Sean Scully, ‘This Way Up’, 1993, Phillips

Image: 43 3/4 x 33 in. (111.1 x 83.8 cm)
Sheet: 50 x 36 3/4 in. (127 x 93.3 cm)

Printer: Garner Tullis at Garner Tullis Workshop, Santa Barbara

From the Catalogue:
This Way Up is one of a series of thirty-nine monotypes which Scully made over a period of eleven days at the Garner Tullis Workshop.
Scully had previously made etchings and woodcuts but this series marked his first attempt to make monotypes.
The series was printed from pieces of Douglas Fir timber which were painted and pressed onto paper. This wood has a hard grain and a soft heart, and is indigenous to the West Coast of America. The pieces of wood were cut initially in the proportion of three to one, that is their length was three times their width. Some were then cut to shorter lengths, but always as a proportion of the width. The use of wood blocks has given the image a grained texture which has an affinity with the combed and rubbed surface of Scully's paintings.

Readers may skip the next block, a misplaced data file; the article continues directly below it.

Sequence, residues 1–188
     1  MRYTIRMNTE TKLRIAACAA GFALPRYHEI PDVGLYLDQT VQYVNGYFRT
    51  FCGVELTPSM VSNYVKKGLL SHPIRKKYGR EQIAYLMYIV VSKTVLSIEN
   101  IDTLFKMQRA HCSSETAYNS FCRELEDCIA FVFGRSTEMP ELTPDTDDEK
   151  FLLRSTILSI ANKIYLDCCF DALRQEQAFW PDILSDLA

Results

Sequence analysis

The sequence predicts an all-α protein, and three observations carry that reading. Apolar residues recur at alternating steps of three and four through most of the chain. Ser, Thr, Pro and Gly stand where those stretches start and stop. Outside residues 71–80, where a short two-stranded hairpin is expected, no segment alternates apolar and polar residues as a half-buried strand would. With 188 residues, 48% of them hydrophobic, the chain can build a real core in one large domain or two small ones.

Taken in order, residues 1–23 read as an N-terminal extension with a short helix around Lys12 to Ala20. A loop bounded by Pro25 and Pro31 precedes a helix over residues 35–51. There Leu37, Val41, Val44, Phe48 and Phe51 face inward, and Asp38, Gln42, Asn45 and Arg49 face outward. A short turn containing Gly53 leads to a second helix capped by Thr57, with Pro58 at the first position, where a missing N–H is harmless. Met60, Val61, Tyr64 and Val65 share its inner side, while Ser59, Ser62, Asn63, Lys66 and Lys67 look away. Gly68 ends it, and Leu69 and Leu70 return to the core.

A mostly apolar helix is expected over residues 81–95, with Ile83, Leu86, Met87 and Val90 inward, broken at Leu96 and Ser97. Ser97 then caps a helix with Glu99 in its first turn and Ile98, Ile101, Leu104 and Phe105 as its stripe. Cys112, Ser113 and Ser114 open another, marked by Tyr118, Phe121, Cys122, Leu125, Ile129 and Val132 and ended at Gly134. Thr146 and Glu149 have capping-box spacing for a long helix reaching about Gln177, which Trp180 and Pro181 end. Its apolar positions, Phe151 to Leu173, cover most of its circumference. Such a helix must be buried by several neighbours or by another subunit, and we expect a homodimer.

The printing was achieved as follows: the blocks were laid down like a jigsaw, inked and then paper laid on top and pressed. The paper was taken off, and then a freshly inked board was placed on top of the paper and pressed, superimposing a layer of color. Subsequent layers of color were then added using blocks laid down in exactly the configuration of the first printing. While the first printing was in ink, the later printings may have been in ink or oil paint.
Courtesy of Phillips

Signature: Signed, dated, inscribed 'For Benjamin' and numbered 1/2 in pencil (one of two variants)

Publisher: Artist

About Sean Scully

Demonstrating an unwavering commitment to abstraction, Sean Scully’s paintings and works on paper combine an underlying geometric structure with soft edges and uneven application of pigment. Scully’s compositions often employ stripes, grids, and dark, earthy tones, as seen in early watercolors where Scully allowed the paint to puddle and overlap with a larger stripe motif. This integration of structured composition with the idiosyncrasies of the chosen medium is typical of Scully’s work; the artist has described this duality as a “battle between system and emotion.”

Irish, b. 1945, Dublin, Ireland